Wright v. Wright

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463 N.W.2d 654 (1990)

Tammy WRIGHT, Plaintiff and Appellee, v. Lorin G. WRIGHT, Defendant and Appellant.

Civ. No. 900196.

Supreme Court of North Dakota.

November 29, 1990.

Farhart, Lian, Maxson, Howard, Sorensen & Louser, Minot, for plaintiff and appellee; argued by Brenda M. Zent.

Bair, Brown & Kautzmann, Mandan, for defendant and appellant; argued by Dwight C.H. Kautzmann.

GIERKE, Justice.

Lorin Wright appeals from a judgment of the district court denying his request for a change of custody. We reverse and remand for further proceedings.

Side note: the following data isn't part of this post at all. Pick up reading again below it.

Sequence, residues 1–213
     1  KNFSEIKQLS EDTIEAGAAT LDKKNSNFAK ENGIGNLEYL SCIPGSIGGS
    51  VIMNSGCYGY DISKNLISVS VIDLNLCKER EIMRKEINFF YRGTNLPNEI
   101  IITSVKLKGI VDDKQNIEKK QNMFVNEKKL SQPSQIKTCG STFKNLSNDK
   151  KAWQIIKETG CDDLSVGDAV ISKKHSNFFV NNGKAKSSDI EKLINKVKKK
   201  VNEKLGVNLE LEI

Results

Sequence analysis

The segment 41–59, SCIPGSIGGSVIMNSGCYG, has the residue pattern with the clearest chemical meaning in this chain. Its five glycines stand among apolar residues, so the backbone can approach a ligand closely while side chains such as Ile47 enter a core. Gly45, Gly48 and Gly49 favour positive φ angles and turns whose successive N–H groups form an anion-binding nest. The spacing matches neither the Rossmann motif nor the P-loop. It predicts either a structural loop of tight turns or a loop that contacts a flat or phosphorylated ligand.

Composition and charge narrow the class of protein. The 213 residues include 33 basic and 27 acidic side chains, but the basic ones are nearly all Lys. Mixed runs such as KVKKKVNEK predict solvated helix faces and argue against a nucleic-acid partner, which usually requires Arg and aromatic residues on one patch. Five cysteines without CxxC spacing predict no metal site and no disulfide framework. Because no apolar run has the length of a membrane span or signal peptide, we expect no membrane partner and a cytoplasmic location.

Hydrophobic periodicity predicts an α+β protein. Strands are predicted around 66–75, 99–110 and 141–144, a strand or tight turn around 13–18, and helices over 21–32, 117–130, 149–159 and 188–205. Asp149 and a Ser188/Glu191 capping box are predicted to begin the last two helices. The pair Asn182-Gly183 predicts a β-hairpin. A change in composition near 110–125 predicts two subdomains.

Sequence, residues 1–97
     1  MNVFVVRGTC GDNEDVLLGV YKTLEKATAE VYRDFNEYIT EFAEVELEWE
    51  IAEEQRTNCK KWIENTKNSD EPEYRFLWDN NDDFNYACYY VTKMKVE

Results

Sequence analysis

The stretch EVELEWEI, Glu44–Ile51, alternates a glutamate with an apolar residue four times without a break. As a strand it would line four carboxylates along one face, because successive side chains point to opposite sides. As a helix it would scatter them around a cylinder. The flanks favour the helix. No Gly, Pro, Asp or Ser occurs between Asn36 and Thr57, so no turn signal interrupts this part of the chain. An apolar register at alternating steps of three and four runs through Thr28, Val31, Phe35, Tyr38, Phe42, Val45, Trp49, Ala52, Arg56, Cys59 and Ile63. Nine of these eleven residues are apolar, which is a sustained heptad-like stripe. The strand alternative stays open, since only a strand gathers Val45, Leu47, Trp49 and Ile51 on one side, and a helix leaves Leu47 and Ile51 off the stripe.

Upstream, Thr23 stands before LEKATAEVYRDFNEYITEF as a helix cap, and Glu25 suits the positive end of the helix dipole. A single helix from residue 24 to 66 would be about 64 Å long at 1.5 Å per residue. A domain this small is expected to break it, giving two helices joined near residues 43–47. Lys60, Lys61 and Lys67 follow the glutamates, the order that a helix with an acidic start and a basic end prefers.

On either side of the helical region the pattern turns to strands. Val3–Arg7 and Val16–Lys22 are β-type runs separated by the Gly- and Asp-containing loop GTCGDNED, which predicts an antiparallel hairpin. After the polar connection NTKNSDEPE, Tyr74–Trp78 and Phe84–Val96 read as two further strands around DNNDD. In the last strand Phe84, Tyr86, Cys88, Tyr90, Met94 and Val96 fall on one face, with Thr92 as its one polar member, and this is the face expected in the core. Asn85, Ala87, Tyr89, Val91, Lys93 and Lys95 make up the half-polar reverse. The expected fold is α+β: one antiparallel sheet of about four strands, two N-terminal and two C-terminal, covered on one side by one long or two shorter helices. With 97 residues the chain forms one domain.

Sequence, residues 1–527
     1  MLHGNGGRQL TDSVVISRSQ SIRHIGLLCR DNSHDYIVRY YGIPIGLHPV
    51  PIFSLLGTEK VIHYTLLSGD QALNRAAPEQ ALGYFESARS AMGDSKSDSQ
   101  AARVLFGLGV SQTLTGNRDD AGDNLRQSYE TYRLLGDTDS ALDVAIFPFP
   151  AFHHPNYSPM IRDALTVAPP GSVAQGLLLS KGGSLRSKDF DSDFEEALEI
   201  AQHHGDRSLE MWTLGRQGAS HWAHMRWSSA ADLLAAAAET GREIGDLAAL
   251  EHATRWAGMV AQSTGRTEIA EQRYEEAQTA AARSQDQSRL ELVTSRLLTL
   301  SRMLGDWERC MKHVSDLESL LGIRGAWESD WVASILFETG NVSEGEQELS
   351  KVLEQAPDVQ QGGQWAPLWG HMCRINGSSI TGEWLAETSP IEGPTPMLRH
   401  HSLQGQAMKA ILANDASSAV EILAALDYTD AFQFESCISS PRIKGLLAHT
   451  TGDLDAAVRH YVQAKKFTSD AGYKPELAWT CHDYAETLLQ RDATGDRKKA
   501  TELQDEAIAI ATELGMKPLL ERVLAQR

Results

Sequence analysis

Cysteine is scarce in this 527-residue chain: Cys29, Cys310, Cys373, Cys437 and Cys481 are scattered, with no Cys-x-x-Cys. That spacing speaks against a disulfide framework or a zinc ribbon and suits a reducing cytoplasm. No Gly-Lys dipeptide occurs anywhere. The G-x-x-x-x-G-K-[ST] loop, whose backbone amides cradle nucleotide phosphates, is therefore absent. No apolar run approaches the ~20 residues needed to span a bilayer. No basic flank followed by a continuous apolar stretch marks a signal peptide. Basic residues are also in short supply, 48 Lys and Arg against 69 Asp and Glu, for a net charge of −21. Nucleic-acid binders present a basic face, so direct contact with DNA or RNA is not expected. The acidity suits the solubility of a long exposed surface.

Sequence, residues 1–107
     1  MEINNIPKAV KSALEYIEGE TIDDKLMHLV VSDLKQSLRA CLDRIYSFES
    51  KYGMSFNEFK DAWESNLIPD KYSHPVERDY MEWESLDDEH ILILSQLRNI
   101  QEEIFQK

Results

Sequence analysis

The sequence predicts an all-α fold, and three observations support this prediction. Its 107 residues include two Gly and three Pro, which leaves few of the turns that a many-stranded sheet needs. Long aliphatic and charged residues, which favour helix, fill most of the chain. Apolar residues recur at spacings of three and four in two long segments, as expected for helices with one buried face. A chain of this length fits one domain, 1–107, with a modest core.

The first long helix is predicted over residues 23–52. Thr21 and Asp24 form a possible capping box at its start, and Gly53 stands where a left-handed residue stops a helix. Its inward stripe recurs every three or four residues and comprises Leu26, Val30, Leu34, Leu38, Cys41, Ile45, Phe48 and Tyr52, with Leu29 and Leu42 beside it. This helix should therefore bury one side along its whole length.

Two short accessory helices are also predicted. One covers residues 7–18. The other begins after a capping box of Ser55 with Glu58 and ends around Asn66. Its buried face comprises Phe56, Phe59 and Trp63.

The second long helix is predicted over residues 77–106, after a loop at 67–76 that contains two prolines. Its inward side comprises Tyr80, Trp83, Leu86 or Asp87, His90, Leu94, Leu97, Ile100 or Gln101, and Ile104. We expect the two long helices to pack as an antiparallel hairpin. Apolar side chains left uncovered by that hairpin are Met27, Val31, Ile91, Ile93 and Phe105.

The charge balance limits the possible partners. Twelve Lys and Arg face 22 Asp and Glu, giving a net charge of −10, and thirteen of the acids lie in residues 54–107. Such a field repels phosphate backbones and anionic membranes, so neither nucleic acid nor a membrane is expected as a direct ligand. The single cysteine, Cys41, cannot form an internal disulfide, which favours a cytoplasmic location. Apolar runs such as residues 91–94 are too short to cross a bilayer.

Tammy and Lorin Wright were divorced in May 1987. The original divorce judgment was based upon a stipulated agreement giving Tammy primary physical custody of the parties' two minor daughters, Elizabeth and Nicole. The parties subsequently litigated their custody rights, culminating in an appeal to this court in Wright v. Wright, 431 N.W.2d 301 (N.D. 1988) [Wright I]. As a result of that litigation, Tammy retained physical control of Elizabeth and Nicole. Many of the facts underlying this custody dispute are set forth in Wright I and will not be repeated here except as necessary to resolve the issues raised on this appeal.

In January 1990, Lorin filed a motion for change of custody, requesting that primary physical custody of Elizabeth and Nicole be awarded to him. Following a hearing, the district court entered a judgment denying the request and Lorin filed this appeal.

In Wright I, supra, 431 N.W.2d at 303, Justice Levine succinctly set forth the appropriate standard for determining a request to modify an original custody award: